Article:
Performance-Based Pay Increases: The WorldatWork Salary Budget Survey as reported by the Society for Human Resource Management (SHRM) illustrates the impact that performance has on raises. In 2019, organizations reported average raises of:
- 8% for middle performers
- 2% for high performers
Per SHRM, WorkatWork also found that 84% of employers used variable pay, e.g., bonuses, to reward employees in 2019. Typically, these companies awarded variable pay based on a combination of individual performance and team success.
Changing Jobs Boosts Your Pay
Many job switchers earned wage growth well above the average for their industry, according to the Workforce Vitality Report by ADP. The report indicates the following major differences between overall year-over-year wage growth and job switchers’ wage growth in key industries (as of December 2019):
- Construction: overall wage growth 4.3%, job switchers’ wage growth 7.9%
- Manufacturing: overall wage growth 4.0%, job switchers’ wage growth 5.2%
- Finance and real estate: overall wage growth 4.3%, job switchers’ wage growth 6.0%
- Education and health services: overall wage growth 1.8%, job switchers’ wage growth 3.1%
- Professional and business services: overall wage growth 3.3%, job switchers’ wage growth 7.7%
However, not every industry offers pay premiums for job hoppers. Job switchers in trade, transportation, and utilities had wage growth of 3.4% year-over-year for 2019, compared to 3.5% wage growth overall. And people who switched jobs in leisure and hospitality saw negative wage growth––their pay changed -2.6% year-over-year, compared to 5.5% year-over-year wage growth overall.
The Best Ways to Position Yourself for an Above-Average Raise
What’s the best way to line up the best possible pay raise you can get?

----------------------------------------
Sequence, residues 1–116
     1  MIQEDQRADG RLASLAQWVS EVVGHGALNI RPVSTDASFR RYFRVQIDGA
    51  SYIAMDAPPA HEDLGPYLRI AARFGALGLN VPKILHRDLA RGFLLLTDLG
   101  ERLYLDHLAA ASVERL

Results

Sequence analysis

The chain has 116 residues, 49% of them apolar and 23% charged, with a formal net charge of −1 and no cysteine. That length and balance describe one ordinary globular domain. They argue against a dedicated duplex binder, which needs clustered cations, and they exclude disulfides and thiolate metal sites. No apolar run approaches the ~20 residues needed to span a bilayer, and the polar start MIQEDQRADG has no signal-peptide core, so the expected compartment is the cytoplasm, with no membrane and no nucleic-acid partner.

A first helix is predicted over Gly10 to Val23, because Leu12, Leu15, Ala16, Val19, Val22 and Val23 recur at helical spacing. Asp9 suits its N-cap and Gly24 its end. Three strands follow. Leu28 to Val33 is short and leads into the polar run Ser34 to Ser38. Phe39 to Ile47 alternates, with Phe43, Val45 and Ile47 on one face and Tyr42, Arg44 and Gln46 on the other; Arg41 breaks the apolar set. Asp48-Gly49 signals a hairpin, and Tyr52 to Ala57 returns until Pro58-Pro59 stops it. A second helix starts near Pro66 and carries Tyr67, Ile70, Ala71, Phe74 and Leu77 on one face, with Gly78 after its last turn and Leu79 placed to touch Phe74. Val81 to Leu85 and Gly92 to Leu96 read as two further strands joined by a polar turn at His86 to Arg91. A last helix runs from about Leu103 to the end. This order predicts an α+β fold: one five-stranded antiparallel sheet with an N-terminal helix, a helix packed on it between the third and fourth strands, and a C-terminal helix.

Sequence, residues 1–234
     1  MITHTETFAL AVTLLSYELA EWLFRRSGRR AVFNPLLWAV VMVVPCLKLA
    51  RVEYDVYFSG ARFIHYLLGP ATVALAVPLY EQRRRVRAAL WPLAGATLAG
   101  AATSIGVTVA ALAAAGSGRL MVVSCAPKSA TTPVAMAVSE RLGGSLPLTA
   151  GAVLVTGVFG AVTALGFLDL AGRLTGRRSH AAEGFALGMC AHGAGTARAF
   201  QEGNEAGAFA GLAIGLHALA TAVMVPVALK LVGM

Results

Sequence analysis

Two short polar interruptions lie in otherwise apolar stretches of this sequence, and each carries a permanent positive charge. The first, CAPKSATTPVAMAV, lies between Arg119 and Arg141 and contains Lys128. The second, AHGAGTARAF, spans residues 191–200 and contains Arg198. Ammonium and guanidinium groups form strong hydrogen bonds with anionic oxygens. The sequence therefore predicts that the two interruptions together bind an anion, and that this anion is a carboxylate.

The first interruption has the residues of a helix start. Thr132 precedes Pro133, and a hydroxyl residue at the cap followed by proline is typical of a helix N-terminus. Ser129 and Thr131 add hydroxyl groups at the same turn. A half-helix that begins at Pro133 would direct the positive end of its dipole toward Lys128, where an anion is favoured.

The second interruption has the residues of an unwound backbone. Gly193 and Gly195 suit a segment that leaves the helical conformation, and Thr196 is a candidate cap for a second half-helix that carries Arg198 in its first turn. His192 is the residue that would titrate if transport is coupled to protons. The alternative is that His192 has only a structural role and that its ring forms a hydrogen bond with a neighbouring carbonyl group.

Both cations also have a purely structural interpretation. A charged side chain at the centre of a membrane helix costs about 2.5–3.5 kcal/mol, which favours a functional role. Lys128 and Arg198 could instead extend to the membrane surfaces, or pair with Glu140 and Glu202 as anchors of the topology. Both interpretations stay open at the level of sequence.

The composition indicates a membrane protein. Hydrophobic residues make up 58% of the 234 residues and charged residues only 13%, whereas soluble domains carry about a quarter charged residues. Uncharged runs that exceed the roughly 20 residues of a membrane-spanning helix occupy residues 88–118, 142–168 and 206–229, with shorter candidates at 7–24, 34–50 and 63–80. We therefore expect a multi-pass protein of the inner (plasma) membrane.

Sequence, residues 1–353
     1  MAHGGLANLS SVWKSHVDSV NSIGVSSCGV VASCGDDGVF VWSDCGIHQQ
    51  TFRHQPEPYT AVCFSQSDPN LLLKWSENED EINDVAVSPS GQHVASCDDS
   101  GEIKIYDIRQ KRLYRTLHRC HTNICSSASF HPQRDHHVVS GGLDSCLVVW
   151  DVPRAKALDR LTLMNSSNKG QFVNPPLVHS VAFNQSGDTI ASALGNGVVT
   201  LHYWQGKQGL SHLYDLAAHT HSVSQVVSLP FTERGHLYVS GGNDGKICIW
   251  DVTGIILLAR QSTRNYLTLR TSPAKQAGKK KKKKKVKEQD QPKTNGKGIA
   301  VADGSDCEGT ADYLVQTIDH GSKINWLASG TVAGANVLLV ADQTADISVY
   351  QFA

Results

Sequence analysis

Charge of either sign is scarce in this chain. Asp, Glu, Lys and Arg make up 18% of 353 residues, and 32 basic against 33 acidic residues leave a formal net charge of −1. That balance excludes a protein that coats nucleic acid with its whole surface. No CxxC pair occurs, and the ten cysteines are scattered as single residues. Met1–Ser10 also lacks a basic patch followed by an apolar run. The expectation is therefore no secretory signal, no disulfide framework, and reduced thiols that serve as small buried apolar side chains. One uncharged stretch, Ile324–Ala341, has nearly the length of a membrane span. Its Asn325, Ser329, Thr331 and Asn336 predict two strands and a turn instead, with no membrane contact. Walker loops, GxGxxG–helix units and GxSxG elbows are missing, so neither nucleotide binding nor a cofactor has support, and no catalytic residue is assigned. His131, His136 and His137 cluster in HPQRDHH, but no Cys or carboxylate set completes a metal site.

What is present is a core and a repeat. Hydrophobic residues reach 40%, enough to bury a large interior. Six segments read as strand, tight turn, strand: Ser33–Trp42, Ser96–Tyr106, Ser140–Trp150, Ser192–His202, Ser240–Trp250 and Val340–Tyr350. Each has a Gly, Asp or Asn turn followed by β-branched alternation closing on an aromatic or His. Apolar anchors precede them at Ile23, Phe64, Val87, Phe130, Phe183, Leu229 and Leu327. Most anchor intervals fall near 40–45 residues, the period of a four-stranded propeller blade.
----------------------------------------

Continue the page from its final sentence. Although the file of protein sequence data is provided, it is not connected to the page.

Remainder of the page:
It’s important to show your employer that you’re a valuable employee and should be paid as such.
It’s also important to be prepared to move on, because that can be your best opportunity to increase your earnings:
Identify How You Can Add Value
Identify the bottom line for your department and the area or areas where the most value can be added and appreciated by your supervisor and management.
Connect Your Goals to the Bottom Line
Work with your supervisor to develop a performance plan and tie your goals to the bottom line whenever possible. If your organization doesn’t have a structure for performance plans, volunteer to draft one for review by your supervisor.
Provide Updates on Your Progress
Communicate your weekly and monthly progress toward goals to your supervisor whether requested or not. When it comes time to determine merit raises, your boss will have plenty of detailed information about your contributions.
Develop a Professional Development Plan
Develop and follow through on a professional development plan that incorporates cutting-edge knowledge and skills in your area. You will be prepared to make a stronger contribution to your current employer and change jobs if necessary. Pay special attention to upgrading your technology skills.
Works Towards a Promotion
Identify next-level positions at your organization and volunteer to take on any related tasks. Promotions are one of the best ways to get a large salary increase from your current employer.
Build Your Network
Keep your professional network current and take on roles in your field such as leadership in professional organizations and conference presentations that will enhance your visibility and attract recruiters.
Enhance Your Marketability
Take the time to enhance your marketability to prospective employers while you’re still at your current job.
Be Prepared to Move On
Keep a constant eye out for openings in your field since job switching is the most common way to generate a big increase in income:
- An easy way to do that is to set up job search alerts. In addition to getting new listings as soon as they are posted, if the employer lists a salary, you can see what you could be earning if you made a change.
- Check salary surveys and calculators to estimate what someone with your credentials can expect to be paid.